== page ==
The hottest 9mm listed requires a 6 inch Barrel to achieve the same energy and only produces about 420 ftlbf from a 3.5 Inch Barrel.
      The flaw in BBTI testing is all barrels were measured from the test Barrel breach face like semi-automatic pistols. Therefore you should use the data for the 5 inch .357 Magnum results which produced about 750 ftlbf.
      The maximum energy produced from the 9mm (out to an 18 inch Barrel) was only about 620 ftlbsf.
      Not that it matters much in this discussion, but at that length the .357 Magnum putsout 1200 ftlbf.

    • I have a Coonan and also several S&W model 27s and a 4″ 8 shot 627 and have run rounds over the chrono from the Coonan and all the N frame 357s. The Coonan clocks quite a bit higher than a 4″ S&W and that’s primarily due to being a closed chamber vs an open chamber (barrel/cylinder gap). The Coonan is more comparable to a 6″ or 6 1/2″ barrel N frame. My biggest gripe about the Coonan isn’t the weight (roughly comparable to a 1911 or N frame Smith), but rather it launches the fired cases 40-50 feet with good 357 Mag ammo. Since I reload, this is a definite disadvantage since it’s fairly easy to lose a sizable majority of the fired cases. It is a fun gun to shoot though and the fire rings are an attention grabber on the firing line.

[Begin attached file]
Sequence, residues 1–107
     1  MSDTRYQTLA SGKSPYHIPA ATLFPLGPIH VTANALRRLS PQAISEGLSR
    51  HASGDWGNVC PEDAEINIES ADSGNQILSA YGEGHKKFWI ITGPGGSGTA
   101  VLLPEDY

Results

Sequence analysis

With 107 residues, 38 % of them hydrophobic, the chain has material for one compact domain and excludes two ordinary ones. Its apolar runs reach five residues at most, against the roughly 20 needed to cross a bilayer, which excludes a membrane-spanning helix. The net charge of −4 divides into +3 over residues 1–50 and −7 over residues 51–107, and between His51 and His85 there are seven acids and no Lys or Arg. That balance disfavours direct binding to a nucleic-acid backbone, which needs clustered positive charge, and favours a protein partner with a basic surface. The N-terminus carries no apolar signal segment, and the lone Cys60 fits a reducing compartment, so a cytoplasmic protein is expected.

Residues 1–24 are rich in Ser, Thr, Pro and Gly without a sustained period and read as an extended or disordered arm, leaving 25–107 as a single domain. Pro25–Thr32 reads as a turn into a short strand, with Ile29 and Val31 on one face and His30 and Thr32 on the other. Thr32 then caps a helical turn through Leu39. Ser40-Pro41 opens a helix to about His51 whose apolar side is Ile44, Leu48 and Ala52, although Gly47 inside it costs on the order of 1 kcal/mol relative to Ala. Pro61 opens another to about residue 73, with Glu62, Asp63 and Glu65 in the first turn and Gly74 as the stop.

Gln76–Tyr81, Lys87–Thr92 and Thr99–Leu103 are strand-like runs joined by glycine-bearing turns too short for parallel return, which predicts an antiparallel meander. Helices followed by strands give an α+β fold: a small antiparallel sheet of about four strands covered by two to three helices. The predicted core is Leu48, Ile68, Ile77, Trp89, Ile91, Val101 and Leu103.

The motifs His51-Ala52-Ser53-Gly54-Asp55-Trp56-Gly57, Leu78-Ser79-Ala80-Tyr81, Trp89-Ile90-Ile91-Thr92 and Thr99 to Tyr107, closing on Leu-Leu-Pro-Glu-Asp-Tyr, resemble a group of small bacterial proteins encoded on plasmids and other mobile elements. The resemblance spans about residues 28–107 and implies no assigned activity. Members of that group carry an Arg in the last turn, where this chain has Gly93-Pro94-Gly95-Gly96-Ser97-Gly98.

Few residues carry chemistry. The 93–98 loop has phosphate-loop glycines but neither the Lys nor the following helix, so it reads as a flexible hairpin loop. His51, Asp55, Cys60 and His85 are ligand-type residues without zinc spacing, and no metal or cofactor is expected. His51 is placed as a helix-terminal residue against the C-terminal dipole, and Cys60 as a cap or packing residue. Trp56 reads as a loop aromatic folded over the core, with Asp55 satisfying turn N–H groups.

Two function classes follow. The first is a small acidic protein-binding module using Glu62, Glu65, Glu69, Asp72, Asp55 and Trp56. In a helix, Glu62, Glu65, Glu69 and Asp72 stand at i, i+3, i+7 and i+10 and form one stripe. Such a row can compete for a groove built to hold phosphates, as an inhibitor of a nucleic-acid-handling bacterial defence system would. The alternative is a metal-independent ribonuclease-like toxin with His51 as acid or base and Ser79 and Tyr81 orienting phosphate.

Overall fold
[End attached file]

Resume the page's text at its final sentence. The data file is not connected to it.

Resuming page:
9. What do you think about box magazines(their reliability etc.) that are more or less double stack from rim side and (again – more or less) single stack from bullet tip side?
    Some of them were mentioned above.

  10. Ian, you said the standard 1911 trigger is harder to fine tune. Really? I think every 1911 gunsmith is going to disagree with you om that one.

    • The most difficult trigger to tune is that of the P35 High Power. The 1911 is a breeze to polish compared to it.

      Being an HP user myself, if a P35 has a pull of between five and seven pounds I strongly recommend not fooling with it.



  11. I remember reading the Guns and Ammo review of the Coonan and then of the LAR back in about ’83 – ’84 time.

    There appears to be a lot of attention to detail on the design and execution.

    It’s excellent that Coonan was able to help with the history

    The absence of the additional shaping at the front of the slide, might have a simple explanation

    It makes the slide a lot easier to finish
    All it needs is a touch up on a linisher.

  12. Swapping the mainspring to shoot .38 Special?

    I do believe that’s the recoil spring, not the mainspring.

  13. I am lucky enough to have two Coonan 357’s consecutively serial numbered that I got about five years before they tanked. I also have a FN-FAL built by ARS on a Coonan (one of the good ones…). I’ve only put test rounds down one 357 and both are as new in the Coonan cases. No idea what they’d be worth today but none are for sale. VERY accurate well made pistols. I, sure my grandson will appreciate them?